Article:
The word translated “it’s not right” has connotations that mean “it is not good form” or “it is not well-ordered.”  The word translated “dogs” is the word for a small house dog or lap dog, not the larger street dogs that are not let in.  From Jesus’ reply this woman understands herself as being in His house of healing and help in whatever way God orders.  That is sufficient for her!  She makes no demands!  She demonstrates extreme confidence in Jesus for help against Satan.

This is what Jesus intends and most deeply desires for her, for his disciples, for you, for me, for the human race.  She passes the test with flying colors.  “O woman, great is your faith!  Be it done for you as you desire.”   And her daughter was healed instantly.  Christ broke Satan’s hold on the girl!  What parental relief there would be!  What rejoicing of heart this mother would have for her restored child!  The Lord who would crush Satan’s head on Calvary, here peeled back his grip on the daughter of this woman.  As He did so He voiced an even greater miracle of healing.

“O woman, great is your faith!”   It was great faith because its sole object was Jesus Christ!   It was great faith because it simply begged for Jesus’ help against Satan in whatever manner He would bestow it!  It was great faith because it believed in advance what St. Paul wrote to the Romans, God has consigned all to disobedience, that he may have mercy on all.  

On this day God’s mercy for all extended to a Gentile in a Gentile land.  It is suggestive of Gospel healing that would reach to the ends of the earth - also to you according to Christ’s mandate – “Go and make disciples of all nations, baptizing them in the name of the Father and of the Son and of the Holy Spirit.”

In speaking of His mission to the lost sheep of Israel, Jesus was not being calloused and uncaring!  Just the opposite!  By not being turned aside from the order of God’s salvation Jesus was showing the deepest love for this woman and for all Gentiles.  And by His effusive praise of the faith of this humble, begging Gentile woman Jesus laid open the prejudice of His listening disciples and their opinion of her as a dog.  

Going after the lost sheep of Israel cost Jesus His life!  In that very action, however, He gave us our life!  He gave His body and His blood on the cross and what fell to the world from that tree was not crumbs but heavenly food!

As we are reminded by our text of parental pain we would not be off-target in considering the pain of the one Father with perfect love – God the Father!  At the baptism of His Son, God the Father proclaimed – “This is my beloved Son in whom I am well-pleased!”  Paradoxically His good pleasure with Jesus was because His Son was willing to be severely oppressed by Satan for us!  When that demonic oppression was most severe God the Father did not seek to relieve Jesus.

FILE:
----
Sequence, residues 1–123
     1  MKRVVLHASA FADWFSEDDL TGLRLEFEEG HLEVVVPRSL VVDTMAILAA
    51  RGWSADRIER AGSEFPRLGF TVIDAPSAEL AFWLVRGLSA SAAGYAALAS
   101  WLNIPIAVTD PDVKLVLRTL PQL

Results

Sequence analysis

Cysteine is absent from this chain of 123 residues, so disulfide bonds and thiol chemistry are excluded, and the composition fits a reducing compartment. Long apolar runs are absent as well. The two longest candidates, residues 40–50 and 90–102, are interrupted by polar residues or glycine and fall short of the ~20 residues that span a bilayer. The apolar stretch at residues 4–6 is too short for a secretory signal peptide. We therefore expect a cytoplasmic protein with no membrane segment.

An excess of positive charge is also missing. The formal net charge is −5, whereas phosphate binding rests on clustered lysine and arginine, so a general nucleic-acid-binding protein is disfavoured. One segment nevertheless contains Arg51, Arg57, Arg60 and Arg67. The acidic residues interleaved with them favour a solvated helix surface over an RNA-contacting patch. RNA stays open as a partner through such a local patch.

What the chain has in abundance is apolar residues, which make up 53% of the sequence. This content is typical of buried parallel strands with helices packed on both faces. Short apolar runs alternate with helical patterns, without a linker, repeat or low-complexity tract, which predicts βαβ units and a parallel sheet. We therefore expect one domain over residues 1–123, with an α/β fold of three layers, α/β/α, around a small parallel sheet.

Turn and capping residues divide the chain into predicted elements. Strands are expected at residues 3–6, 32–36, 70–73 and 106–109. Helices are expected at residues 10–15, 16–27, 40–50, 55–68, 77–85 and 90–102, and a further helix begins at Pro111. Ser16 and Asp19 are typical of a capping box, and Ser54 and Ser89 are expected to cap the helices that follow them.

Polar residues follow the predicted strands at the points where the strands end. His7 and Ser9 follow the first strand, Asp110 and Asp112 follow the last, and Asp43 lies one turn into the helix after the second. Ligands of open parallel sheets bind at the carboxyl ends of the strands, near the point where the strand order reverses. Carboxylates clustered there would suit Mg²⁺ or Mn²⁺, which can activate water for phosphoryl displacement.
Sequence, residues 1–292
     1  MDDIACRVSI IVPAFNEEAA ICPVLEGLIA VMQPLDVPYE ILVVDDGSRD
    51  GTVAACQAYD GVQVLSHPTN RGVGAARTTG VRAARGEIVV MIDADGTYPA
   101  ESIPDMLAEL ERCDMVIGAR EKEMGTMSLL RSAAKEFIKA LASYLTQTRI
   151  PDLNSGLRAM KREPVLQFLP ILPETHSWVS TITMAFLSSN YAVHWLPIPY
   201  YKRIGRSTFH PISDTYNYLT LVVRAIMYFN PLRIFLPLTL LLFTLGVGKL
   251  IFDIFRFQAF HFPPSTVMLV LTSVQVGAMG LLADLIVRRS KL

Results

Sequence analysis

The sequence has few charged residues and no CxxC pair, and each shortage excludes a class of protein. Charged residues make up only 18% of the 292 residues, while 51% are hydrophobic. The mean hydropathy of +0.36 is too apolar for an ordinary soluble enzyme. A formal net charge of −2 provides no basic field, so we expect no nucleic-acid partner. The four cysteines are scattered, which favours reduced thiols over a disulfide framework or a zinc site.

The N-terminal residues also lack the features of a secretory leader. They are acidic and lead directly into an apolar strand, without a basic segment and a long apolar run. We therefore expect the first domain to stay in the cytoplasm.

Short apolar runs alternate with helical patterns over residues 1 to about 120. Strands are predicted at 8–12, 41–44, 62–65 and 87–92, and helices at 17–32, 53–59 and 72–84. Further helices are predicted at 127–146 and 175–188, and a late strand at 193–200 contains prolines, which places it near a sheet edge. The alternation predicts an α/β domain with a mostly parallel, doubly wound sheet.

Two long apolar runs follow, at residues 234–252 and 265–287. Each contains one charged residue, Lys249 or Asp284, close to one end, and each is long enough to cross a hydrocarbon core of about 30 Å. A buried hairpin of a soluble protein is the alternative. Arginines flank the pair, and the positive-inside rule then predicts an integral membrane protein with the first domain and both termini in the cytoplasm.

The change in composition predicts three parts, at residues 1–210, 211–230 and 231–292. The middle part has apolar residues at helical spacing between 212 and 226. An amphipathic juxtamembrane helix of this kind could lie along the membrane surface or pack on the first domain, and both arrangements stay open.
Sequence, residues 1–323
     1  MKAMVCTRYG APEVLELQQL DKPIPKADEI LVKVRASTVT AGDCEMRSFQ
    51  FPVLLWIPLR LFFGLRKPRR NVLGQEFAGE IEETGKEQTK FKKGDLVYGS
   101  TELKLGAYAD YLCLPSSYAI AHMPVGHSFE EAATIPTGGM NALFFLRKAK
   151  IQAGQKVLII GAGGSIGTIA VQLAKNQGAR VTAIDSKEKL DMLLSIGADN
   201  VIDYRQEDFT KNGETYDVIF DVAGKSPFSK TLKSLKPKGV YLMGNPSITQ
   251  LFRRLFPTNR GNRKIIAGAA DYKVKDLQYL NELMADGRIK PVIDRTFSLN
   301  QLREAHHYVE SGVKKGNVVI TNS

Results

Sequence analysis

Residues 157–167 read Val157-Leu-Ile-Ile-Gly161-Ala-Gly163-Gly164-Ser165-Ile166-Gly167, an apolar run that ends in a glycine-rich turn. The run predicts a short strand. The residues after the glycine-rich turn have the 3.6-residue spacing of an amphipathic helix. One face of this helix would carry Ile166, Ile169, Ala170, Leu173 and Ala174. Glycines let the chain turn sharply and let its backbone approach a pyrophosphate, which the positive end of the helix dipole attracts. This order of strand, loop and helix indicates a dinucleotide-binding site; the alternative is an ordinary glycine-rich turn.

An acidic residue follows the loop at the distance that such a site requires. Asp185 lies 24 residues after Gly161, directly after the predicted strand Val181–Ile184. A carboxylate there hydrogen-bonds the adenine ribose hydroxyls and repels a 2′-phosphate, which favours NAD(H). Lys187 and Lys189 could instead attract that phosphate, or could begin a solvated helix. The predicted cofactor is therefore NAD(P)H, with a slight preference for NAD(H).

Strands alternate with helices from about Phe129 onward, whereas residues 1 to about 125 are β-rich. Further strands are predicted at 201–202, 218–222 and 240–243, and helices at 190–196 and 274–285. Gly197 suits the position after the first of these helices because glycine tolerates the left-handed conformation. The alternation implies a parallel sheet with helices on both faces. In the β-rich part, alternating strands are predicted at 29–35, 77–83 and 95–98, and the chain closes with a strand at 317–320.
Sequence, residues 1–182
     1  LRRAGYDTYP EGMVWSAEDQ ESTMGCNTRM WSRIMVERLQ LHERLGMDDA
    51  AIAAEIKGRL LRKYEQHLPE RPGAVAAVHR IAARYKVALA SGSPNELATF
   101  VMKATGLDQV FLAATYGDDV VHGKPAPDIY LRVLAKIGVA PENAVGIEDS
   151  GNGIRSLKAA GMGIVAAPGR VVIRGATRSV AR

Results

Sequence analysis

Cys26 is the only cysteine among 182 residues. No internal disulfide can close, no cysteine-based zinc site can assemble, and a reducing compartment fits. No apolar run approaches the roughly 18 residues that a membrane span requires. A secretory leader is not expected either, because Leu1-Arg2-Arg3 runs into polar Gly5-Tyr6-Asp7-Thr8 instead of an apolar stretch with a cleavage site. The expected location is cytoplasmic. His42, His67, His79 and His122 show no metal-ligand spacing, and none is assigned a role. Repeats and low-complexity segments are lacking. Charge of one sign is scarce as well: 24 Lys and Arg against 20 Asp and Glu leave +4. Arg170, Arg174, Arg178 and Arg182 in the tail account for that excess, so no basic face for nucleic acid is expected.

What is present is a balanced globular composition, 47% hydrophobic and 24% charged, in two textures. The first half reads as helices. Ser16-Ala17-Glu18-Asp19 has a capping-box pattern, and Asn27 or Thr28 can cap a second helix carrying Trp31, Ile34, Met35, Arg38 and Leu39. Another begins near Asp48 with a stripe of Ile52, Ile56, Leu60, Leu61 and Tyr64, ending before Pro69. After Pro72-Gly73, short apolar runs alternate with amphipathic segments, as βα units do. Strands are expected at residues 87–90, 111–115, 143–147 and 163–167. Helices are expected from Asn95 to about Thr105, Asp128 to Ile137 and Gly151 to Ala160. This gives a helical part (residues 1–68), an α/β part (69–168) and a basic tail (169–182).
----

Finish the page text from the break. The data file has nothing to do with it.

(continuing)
Rather than “Lord save me” spoken to Jesus the Father’s cry was “My Son, save them.”  Rather than “Son of David have mercy on me” the Father’s will was Son of David have mercy on you.  Together with all the sin that the tempter brought into this world, the Father bound His own Son on the altar of the cross.  And unlike Father Abraham whose hand was raised to slay His bound son Isaac and then was stayed, God the Father did not restrain His hand.  He struck with full divine wrath against His beloved Son, Jesus.  God the Father offered up for sacrifice the holy Lamb of God – offering His Son as the very Bread of Life for the world!  

Dear Christians, dear partners in the Gospel at Luther Memorial Chapel and University Student Center, dear students and guests with us today, dear hearers from any land or country or region - this is ground for unshakable hope!  God is “for you” in Christ Jesus.  

This is solid reason for steadfast faith in every distress – even when everything seems against you – especially when everything seems against you!  It is no small thing that God declares “My strength is made perfect in weakness” (2 Corinthians 12).  He intends His house to be a joyful house of prayer for all peoples to cry out and to be heard, “Lord help me,” “Lord have mercy.”

God help us to know who we are like this woman knew who she was.  God has consigned all to disobedience that He many have mercy on all.  He desires you to worship Him as this woman did – taking Satan seriously.  He desires you to worship Him with great faith – faith whose sole object is Jesus Christ - one with the Father and the Holy Spirit.  He desires you to trust Him for saving and healing help even when He appears to be silent.

Even in the hour of deepest need – even when death stands at the door – Christ will be acting for your ultimate and eternal healing!  That’s why He comes to this house of pray today – “for you” – with a place at His table – “for you” – now and forever.  Amen.